Bengal Chief Minister Joins Building Chorus Against Electricity Act Amendments

Bengal Chief Minister Joins Building Chorus Against Electricity Act Amendments Bengal CM Protests Against Electricity Amendment Act 2020

The Electricity Act Amendment Bill (2020), slated for a possible introduction in the coming session of parliament, faced a predictable salvo yesterday. West Bengal Chief Minister Mamta Banejee termed its provisions ‘anti- federal’ and even ‘inhuman’ to be brought up at a time when the pandemic is raging.

In a strongly-worded letter to Prime Minister Narendra Modi, Banerjee said the move by the Centre to amend the Electricity Act, 2003 was “completely unjustified” amid the socio-economic crisis brought upon by the COVID-19 pandemic.

The chief minister placed her resistance on record to pretty much most of the key features of the amendments, from removal of cross subsidies, to the idea of direct benefits transfer to beneficiaries, and even the establishment of a national Electricity contracts enforcement authority.

Even the possible push for enforcement of renewable purchase obligations (RPO’s) by state discoms was resisted.

Coming soon after the apprehensions voiced by the Tamil Nadu Chief minister, Ms Banerjee’s diatribe against the proposed bill is ominous, as she has demonstrated a far higher willingness and capability to successfully resist central diktats earlier.

In pushing for status quo, it has also become quite apparent that entrenched interests in the existing system have enough motivation, resources and  wide ranging support to stymie the bills progress, if a few more supporters come through. The addition of a key industrial state like Maharashtra, for instance, could ensure a block on the bill , or at least its deferment to yet another parliamentary commitee to slow cook it for any amount of time.  Keep in mind that this is a bill that was considered important enough till barely a month back to be rammed in by the ordinance route, as stressed by them MNRE Secretary, Anand Kumar. One hopes the change in secretaries does not signal a change in momentum for the bill too.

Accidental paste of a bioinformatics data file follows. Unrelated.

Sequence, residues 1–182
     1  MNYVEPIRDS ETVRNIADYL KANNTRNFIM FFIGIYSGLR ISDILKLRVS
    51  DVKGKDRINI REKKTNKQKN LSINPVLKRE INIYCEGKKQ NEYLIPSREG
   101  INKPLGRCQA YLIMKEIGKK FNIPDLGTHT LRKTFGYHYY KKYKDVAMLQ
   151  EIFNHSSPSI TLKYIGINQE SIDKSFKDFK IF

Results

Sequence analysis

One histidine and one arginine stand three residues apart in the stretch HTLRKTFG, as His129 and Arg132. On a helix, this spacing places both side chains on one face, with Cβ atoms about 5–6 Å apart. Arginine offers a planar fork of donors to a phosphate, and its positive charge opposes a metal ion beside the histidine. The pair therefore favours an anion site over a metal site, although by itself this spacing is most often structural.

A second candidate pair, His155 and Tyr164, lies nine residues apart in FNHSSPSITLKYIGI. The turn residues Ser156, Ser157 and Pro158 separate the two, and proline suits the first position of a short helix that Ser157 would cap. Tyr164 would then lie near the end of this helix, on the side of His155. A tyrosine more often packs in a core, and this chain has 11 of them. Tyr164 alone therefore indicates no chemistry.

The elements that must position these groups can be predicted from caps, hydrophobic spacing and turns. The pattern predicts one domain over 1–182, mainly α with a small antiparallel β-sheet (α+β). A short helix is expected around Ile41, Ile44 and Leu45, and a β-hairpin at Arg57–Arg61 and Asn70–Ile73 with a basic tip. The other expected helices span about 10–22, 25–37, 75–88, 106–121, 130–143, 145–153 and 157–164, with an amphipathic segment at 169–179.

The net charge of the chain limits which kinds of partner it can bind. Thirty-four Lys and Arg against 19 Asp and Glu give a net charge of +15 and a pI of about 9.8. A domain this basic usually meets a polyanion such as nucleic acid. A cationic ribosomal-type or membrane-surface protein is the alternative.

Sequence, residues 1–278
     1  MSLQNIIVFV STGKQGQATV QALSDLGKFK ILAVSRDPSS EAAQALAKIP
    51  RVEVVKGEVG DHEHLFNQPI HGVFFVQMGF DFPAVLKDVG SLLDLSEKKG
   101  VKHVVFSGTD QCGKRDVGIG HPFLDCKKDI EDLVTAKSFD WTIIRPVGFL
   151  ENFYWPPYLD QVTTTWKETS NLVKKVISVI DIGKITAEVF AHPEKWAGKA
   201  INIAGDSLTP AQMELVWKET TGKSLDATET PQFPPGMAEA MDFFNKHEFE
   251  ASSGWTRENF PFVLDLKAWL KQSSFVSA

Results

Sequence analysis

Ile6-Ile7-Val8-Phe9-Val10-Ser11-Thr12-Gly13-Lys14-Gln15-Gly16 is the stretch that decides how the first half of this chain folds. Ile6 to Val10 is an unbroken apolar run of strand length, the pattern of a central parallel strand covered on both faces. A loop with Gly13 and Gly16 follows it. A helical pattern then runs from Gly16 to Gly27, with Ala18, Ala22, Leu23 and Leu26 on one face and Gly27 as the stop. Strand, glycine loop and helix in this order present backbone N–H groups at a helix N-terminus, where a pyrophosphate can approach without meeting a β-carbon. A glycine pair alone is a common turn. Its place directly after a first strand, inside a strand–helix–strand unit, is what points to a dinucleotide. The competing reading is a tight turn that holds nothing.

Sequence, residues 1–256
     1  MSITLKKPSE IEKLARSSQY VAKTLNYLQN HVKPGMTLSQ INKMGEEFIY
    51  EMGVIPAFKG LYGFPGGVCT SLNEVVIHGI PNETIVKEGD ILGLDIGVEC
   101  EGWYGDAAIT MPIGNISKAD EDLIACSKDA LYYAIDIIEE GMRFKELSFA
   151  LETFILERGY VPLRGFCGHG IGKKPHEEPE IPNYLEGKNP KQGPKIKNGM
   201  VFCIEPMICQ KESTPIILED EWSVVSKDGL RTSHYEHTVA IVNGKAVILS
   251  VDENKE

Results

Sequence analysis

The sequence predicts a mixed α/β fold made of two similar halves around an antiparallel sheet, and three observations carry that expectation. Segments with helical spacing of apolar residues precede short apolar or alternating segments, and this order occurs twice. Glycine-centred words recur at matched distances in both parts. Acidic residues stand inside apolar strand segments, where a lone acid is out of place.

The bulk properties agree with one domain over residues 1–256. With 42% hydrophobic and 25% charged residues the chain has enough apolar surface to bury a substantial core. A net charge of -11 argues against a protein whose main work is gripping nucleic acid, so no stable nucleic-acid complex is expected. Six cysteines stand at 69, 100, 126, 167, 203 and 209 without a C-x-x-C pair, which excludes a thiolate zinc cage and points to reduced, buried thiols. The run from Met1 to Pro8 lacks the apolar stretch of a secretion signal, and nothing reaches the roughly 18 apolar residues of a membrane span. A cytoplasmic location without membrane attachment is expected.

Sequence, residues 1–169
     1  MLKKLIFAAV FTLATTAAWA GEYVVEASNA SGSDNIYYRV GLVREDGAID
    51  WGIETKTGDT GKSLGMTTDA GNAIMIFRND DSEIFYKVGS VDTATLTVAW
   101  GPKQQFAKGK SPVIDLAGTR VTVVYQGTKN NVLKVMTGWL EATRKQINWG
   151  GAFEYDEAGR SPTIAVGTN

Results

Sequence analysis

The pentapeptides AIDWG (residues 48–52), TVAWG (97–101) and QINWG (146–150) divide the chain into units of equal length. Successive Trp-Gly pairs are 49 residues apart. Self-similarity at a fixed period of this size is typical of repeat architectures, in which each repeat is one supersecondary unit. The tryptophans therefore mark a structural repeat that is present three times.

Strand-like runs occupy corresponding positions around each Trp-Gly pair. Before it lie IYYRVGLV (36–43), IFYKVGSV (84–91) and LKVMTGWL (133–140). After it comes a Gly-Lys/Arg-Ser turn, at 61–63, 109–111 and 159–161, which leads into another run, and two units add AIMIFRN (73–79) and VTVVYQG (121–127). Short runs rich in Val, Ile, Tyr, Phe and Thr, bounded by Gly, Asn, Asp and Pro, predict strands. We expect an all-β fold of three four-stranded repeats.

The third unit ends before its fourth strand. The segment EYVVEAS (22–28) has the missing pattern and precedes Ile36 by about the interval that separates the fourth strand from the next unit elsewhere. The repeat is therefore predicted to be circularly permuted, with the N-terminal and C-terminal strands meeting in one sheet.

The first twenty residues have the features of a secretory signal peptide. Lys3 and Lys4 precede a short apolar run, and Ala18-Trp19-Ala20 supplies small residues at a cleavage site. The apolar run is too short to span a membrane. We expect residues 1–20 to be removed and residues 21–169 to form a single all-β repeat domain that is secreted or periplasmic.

The implications  for the renewable sector will be grave, as the sector’s long term growth is inextricably linked to the health of the power sector which the bill seeks to fix. The tragedy is that India today finds itself in a situation where an all out push on renewable energy, including storage backed renewables, is perfectly possible. Ironically, this has been made possible due to years of poor demand demand forecasting, thanks to which the country finds itself with an unholy amount of spare thermal and gas fired capacity. Thus, even if there are slippages in renewables generation over the next 2 years for instance, enough capacity remains, that can be called upon to fill any gaps.

Keep in mind that some of the states mentioned here, from Maharashtra, to Madhya Pradesh to even Delhi, are already paying very high fixed charges to thermal plants where they contracted to pay for electricity, and are doing so, but are actually not availing any due to lack of demand. Adding eventually to final consumer prices. Even West Bengal’s own discom, WBSEDCL, which spends around Rs 1,800 crore per month for purchasing power, has only been able to cut some minimal costs despite the crash in demand since April. Further reduction in purchase bills has become impossible thanks to its long-term power purchase agreements that have to be honoured. One of the reasons why the discom has been forced to ask for state guarantees on fresh loans to pay May salaries.

For industry, the bill is a critical step in the move to make India more competitive, by cleaning up the power system, and stopping the practice of adding high costs to industrial power bills. Even rating agencies like ICRA have welcomed the bill.

In fact, if there was to be zero new capacity creation for the next 2-3 years, chances are that India will still manage comfortably. The onus of fresh renewable capacity creation is driven by both their lower costs now, as well as the country’s climate commitments.

There is probably a far stronger case for closure of  older, polluting thermal stations from 1970’s and 60’s vintage, which continue to get extensions on meeting pollution control norms for the past 4 years. Making the central government equally culpable at times, as the state governments who use discoms to pass on freebies without fiscal consequences.

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Prasanna Singh

Prasanna has been a media professional for over 20 years. He is the Group Editor of Saur Energy International